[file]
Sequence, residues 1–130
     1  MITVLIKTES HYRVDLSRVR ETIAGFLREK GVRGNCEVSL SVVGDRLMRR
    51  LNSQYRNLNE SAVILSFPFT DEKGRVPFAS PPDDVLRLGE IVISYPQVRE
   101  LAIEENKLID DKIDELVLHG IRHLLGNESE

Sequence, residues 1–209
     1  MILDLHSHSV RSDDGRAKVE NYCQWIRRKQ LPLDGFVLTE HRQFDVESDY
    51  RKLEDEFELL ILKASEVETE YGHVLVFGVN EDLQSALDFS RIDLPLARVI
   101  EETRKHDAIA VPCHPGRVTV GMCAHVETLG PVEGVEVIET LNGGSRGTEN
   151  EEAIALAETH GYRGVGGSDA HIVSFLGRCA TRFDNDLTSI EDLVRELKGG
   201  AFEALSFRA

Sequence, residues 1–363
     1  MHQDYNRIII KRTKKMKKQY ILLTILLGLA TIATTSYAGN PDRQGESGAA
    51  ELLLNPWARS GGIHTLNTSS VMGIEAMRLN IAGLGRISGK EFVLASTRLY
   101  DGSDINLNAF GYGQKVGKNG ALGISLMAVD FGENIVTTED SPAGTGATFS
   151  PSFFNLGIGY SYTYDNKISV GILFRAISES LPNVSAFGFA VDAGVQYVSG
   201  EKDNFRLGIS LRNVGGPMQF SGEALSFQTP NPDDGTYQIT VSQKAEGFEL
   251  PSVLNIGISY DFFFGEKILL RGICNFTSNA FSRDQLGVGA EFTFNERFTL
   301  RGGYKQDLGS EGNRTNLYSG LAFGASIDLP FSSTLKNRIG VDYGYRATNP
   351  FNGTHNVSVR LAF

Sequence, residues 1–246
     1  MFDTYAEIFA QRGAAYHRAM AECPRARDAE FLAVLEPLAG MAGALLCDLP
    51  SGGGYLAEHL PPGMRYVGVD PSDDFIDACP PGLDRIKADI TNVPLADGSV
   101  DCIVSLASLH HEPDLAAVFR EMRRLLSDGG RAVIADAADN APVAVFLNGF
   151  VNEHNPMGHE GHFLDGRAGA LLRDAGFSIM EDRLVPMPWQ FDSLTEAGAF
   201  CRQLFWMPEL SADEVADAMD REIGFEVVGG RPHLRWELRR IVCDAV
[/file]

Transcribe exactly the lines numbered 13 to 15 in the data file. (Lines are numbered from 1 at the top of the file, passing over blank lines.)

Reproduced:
    51  ELLLNPWARS GGIHTLNTSS VMGIEAMRLN IAGLGRISGK EFVLASTRLY
   101  DGSDINLNAF GYGQKVGKNG ALGISLMAVD FGENIVTTED SPAGTGATFS
   151  PSFFNLGIGY SYTYDNKISV GILFRAISES LPNVSAFGFA VDAGVQYVSG